Wow, what a trooper. She suffered a major mechanical issue on the bike. Under the high load of ascending Duplessis, her rear wheel shifted in the horizontal drop-outs and began rubbing against the frame. This eventually lead to a high-speed blow out on the fastest downhill part of the course. She pulled over and replaced her tube, but the tire was actually ruptured from the rubbing friction. Fortunately, a mechanic happened to pass by when she noticed her new tube poking out through the hole. Unfortunately, having a 650c wheels, he did not have a spare wheel or replacement on his scooter. Fortunately, he had one back at the shop as was able to radio someone to get it to him. He "booted" her damaged tire with a piece of cardboard, and told her to meet him further on down the course. A short wait later, a new tire appeared and she was able to carry on. Notwithstanding the loss of momentum and the mental toll it took on her, she still powered through the bike, and threw down a remarkable 4:14 marathon for still an Ironman PB. Had she not lost over 30 minutes with the tire change, she would have dominated the race.

Bonus Photos

All ready to leave, bright an early on Friday morning. Rolled into Tremblant around 10:30 AM

Got our race kits and a quick photo

Another photo at the Big M-Dot.

The expo was pretty good. These Ventum bikes are not as fugly in real life.

Guylaine rocking a pair of $300 Roka shades

In the actual Ironman merch tent

We're there

Professional press conference on Friday (unfortunately, it was raining)

At the pre-event dinner on Friday night. Over 2500 people in a big tent. Pretty loud. 

Friday night entertainment, the band was really good.


Fireworks on Friday night

Killing time on Saturday

Found Wallowitz. He was also in Grand Rapids last year for Michigan Titanium.

Our big purchase at the official MDOT merch tent. LOL. 

All race bags packed and ready to go.

Guylaine's bike dropped off on Saturday afternoon.

My bike dropped off on Saturday afternoon.

Dropping off all the drop off bags.

Our hotel from the chair lift than ran right over our hotel.

From the chairlift

2200 bikes racked and ready to roll. Lots of $$$ here
The best laid plans

Off to set up at 5:15, lots of people already hanging around, the town was bustling.

1000s of people waiting to get body marked. Went by really fast. 
Heading towards the 4 corners after finishing Duplessis.
Thanks Rob and Val, it was great to see you and receive your support.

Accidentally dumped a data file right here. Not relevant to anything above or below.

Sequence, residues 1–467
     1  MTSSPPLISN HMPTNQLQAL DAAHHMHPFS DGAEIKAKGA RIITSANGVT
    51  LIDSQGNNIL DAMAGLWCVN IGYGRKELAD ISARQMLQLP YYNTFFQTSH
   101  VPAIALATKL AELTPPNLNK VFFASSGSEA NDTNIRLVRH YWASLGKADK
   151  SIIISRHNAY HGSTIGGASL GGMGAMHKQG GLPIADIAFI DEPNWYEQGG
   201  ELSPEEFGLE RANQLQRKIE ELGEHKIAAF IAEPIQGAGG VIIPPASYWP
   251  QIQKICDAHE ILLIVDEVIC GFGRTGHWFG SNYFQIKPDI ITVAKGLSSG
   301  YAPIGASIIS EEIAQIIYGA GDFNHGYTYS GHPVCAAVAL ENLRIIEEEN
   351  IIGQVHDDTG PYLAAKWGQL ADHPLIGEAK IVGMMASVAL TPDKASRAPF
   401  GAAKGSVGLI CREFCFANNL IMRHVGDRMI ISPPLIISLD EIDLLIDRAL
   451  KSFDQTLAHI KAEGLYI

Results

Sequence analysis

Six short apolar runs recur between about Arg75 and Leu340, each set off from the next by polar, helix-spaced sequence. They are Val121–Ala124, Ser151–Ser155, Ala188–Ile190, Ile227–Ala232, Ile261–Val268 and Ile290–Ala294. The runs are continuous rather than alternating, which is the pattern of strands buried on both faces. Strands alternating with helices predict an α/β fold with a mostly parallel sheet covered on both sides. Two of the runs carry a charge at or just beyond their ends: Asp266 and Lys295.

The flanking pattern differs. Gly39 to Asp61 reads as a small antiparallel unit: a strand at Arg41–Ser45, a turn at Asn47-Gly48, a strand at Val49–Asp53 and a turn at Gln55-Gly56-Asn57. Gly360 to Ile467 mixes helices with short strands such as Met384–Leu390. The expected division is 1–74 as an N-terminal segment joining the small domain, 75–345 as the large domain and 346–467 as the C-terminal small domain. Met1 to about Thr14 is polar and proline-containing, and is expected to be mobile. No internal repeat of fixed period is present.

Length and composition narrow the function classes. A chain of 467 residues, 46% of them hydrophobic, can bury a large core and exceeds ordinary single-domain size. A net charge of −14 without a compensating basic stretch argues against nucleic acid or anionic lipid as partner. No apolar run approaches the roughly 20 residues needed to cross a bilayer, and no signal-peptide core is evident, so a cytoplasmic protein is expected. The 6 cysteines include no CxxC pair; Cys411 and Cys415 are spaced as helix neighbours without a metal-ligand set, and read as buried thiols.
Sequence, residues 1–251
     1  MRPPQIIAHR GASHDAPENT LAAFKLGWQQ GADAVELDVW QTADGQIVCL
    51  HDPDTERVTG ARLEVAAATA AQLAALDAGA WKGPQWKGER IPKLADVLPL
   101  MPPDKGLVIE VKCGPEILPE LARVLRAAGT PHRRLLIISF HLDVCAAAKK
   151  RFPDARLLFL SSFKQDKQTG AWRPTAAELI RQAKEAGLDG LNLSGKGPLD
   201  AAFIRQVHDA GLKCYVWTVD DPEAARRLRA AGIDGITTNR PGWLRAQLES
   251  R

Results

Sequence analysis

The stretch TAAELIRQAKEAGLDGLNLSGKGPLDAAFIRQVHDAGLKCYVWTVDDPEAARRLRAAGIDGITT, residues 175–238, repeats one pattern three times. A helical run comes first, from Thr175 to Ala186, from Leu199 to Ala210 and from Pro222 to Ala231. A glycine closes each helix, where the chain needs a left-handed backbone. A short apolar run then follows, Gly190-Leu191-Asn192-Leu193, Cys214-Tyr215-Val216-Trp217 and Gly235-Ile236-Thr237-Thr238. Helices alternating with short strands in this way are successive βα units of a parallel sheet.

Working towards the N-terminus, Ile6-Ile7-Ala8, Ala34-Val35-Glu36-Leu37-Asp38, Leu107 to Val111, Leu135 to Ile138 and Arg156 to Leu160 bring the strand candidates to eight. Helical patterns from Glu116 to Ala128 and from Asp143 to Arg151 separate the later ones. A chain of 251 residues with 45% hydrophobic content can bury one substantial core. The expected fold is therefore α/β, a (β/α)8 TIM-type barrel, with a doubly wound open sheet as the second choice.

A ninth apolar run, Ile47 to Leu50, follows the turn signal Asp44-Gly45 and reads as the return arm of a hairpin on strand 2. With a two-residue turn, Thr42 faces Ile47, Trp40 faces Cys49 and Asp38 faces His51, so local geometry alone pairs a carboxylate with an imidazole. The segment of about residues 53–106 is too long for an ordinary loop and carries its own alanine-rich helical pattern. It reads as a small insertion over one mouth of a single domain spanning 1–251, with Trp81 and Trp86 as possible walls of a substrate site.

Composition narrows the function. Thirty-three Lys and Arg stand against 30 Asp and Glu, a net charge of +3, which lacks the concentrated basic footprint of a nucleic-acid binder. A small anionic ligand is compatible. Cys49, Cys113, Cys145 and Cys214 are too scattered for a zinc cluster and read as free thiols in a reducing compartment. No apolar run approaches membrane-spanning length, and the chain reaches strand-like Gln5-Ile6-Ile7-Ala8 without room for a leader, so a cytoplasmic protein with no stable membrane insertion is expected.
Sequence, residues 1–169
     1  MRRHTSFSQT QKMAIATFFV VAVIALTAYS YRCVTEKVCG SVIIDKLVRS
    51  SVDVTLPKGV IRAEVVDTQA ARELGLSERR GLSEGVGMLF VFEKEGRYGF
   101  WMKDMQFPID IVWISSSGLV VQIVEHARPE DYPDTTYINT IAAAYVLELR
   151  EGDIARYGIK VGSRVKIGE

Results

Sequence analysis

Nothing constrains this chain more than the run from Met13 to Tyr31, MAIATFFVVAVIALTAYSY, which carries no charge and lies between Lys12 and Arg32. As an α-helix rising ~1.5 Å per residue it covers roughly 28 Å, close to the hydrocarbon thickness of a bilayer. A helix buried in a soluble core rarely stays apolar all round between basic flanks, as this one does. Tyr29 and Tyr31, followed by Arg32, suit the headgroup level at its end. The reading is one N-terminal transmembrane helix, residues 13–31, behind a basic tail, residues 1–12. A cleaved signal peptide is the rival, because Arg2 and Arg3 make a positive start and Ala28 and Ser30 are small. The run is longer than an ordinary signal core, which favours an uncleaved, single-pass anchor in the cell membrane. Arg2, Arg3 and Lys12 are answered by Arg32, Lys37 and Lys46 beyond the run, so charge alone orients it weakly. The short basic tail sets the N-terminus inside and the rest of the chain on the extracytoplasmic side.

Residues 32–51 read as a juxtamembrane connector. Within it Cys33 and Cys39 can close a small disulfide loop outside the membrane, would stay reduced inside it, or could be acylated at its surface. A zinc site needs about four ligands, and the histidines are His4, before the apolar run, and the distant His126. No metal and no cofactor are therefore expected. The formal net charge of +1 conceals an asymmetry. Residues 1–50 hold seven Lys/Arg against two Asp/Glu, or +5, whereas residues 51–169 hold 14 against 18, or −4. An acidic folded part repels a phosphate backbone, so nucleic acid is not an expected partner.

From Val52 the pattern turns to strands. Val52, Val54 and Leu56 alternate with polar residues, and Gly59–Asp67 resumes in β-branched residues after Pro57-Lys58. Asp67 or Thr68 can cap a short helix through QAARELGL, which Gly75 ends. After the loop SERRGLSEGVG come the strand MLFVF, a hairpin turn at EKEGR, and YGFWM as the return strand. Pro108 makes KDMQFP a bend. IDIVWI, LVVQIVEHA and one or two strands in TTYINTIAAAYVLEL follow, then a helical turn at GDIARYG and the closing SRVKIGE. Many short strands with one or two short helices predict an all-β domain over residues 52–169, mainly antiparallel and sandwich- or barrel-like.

Starting the run, looking not too bad

Still in good spirits at this point
Hey that's me.

My rear tire had zero air in it when I picked it up from transition after the race. Hmmm?
Obviously not as bad as Guylaine though.

The finish line is pretty cool. I will say that.
We went back and watched for a bit, but we didn't go to watch the last finishers.
We didn't want to see the heartbreak of someone come in after the cut off.


Iron History + IMMT Prediction + Keys to success

Montreal Esprit20121:13:303:145:16:475:194:18:3810:57:28Super fit, started run too fast
Montreal Esprit20131:12:453:095:17:085:184:17:2710:55:47Less fit, still started run too fast
The Canadian20141:10:575:125:47:033:294:39:5811:45:58Long swim+bike, hot run, started run way  too fast
Challenge Cedar Point20151:08:317:565:35:112:234:10:0211:04:05Perfect race, faded on run. Long T1.
Michigan Titanium20171:08:561:415:43:56--06:54:34Aquabike only. Would not have been able to run IM marathon at this bike pace though
Ironman Mont Tremblant20181:08:003:006:00:003:004:15:0011:29:00"A" race scenario.

Training has been pretty similar year over year. The 20 weeks prior to 2-week taper for the past few events has been:

YearSwim TotalBike TotalRun Total

The biking this year has included better tempo, and more 140k+ rides. The running has also included more 20k+ runs than usual.

Keys to victory:

Taper --> don't go full glutton. easy on the drinking and snacking. respect the taper schedule.
Swim --> slot in with the 1:05ish group, find some feet and take as much free ride as possible.
T1 --> lube up ankles and wrists well for easy wetsuit strip, don't dilly-dally.
Bike --> respect the power, race your own race, don't get caught up leapfrogging, don't draft.
T2 --> keep calm, full change into running gear
Run --> easy on the first hills, stay conservative, 5:40 pace, don't walk the aid stations, don't give up, stay close to positive energy people.

Sea Lions Masters Mini Meet Results (2017 vs 2018)

50 BreastPhil0:45.310:44.62
100 FreePhil1:16.281:14.52
50 BackPhil0:43.910:43.50
100 IMPhil1:34.221:36.31
200 FreePhil2:54.473:03.84
50 FreePhil0:35.910:36.53
50 FlyPhil0:42.75
50 KickPhil1:14.91

Not a big warm up, not too much time between events. Good competition in the heats to keep me motivated. Lost goggles on dive for 50 breast; paused for some reason on the dive for 100 free; 200 free felt good - probably went out too fast. Overall pretty happy with results. (except 50 kick, I can't kick ::blushing emoji::)

I feel so dirty...

Frozen Sole 1718-01

"The agony"
The Frozen Sole is a local running race series. The third Sunday of every month from October to March. It's a 5 mile rectangular loop (8K). It's low-key. People run for all different reasons. I've used it for a an easy group run, and I've used for a full-out speed test. My best time was 35:32 on March 20, 2016.

I've slowly been getting back into running, after nearly a one year injury-forced hiatus. I was looking forward to this Sunday's Frozen Sole with bitter-sweet anticipation. It would signal a return to "FAST", but with that comes DISCOMFORT. 8K is short enough that it still hurts to go hard.